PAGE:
Long before senior Trump White House officials were asked to sign non-disclosure agreements covering beyond his presidency, his South Carolina presidential campaign staffers signed NDAs of their own.
Who did it?
“All.” former Trump 2016 media team member Jeff Taillon said in a tweet to a Palmetto Politics reporter.
— Jeffrey M. Taillon (@JeffTaillon) March 19, 2018
Another 2016 staffer, Nancy Mace, confirmed she signed a non-disclosure, too. She didn’t consider it out of the ordinary.
“We all signed one,” she said. “It wasn’t a big deal to me.”
Mace, who is now a Republican state lawmaker from Daniel Island, worked as coalitions and field director in seven states, including South Carolina.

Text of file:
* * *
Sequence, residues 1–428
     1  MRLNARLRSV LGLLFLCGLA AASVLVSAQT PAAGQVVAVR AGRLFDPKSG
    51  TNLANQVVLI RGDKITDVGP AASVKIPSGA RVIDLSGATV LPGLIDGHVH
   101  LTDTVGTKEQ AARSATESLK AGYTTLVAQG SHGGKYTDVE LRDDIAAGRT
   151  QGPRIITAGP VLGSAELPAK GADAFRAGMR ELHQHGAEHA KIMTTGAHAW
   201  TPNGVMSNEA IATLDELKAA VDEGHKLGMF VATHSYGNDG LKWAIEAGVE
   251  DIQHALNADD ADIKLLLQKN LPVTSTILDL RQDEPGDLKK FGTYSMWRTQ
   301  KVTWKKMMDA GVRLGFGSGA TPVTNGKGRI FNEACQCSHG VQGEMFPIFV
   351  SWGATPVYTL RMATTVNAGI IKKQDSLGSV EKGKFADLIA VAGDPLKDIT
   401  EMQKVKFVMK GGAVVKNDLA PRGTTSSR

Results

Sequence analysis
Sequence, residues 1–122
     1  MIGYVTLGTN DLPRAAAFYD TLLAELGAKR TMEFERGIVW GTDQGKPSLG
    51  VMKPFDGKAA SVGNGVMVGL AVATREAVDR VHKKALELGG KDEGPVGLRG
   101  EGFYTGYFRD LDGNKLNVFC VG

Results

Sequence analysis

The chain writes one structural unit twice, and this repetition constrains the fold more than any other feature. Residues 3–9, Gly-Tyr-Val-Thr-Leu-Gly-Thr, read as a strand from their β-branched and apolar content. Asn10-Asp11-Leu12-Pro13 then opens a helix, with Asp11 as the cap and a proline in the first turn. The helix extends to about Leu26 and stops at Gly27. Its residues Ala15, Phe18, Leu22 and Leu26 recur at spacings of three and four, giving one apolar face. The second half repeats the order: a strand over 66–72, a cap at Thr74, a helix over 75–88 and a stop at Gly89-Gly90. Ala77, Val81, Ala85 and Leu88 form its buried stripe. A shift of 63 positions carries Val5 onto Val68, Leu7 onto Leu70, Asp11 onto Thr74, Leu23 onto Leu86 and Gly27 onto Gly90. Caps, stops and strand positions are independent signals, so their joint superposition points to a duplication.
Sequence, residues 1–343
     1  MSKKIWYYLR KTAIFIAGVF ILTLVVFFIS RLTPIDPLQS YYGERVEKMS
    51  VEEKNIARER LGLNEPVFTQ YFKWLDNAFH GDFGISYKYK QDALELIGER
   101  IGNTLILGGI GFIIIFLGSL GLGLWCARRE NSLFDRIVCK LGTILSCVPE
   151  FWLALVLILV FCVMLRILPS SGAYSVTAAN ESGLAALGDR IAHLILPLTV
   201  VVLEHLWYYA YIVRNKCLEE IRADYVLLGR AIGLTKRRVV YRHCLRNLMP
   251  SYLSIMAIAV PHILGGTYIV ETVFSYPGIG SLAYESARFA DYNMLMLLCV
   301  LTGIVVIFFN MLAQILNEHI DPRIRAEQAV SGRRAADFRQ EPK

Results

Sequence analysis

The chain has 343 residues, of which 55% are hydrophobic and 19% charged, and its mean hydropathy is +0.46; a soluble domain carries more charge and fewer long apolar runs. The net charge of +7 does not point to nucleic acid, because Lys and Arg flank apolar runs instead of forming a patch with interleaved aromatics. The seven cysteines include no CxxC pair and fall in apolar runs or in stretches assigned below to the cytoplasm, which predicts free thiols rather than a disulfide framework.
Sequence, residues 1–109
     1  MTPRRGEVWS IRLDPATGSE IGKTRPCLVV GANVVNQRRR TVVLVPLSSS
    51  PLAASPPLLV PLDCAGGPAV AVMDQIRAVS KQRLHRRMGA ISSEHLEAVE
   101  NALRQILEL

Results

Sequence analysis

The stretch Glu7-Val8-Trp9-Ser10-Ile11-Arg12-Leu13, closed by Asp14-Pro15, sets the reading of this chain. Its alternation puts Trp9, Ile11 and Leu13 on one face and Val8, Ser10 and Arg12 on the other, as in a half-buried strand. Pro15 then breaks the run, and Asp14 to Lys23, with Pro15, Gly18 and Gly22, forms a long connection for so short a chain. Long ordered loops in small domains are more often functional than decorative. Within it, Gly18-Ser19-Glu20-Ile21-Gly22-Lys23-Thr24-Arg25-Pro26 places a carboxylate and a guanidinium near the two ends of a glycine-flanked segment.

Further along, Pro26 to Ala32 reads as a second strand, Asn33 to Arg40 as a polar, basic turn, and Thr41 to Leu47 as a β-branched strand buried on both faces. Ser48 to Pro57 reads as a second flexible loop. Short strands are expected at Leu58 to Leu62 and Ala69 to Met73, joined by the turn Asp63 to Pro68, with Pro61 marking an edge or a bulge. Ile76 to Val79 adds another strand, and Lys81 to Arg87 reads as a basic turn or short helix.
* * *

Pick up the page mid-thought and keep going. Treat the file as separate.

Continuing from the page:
It wasn’t the first NDA related to campaign work she’s signed, she said.
Trump’s agreements are filled with boilerplate language. For example: “No Disparagement.”
That means a signer promises not to demean or disparage publicly “Trump, any Trump Company, any Family Member, or any Family Member Company or any asset.”
How much of a norm NDAs are becoming in politics remains unclear. The White House did not respond to an inquiry. The office of U.S. Sen. Lindsey Graham, R-S.C., also did not respond to a question whether Graham used them during his presidential run.
Clay Middleton, who was South Carolina state director for Democrat Hillary Clinton’s 2016 win over Bernie Sanders, said he never signed such a document.
He doesn’t remember any conversation coming close to even raising the need for one in the Clinton camp, he said, including during interactions with the campaign’s general counsel.
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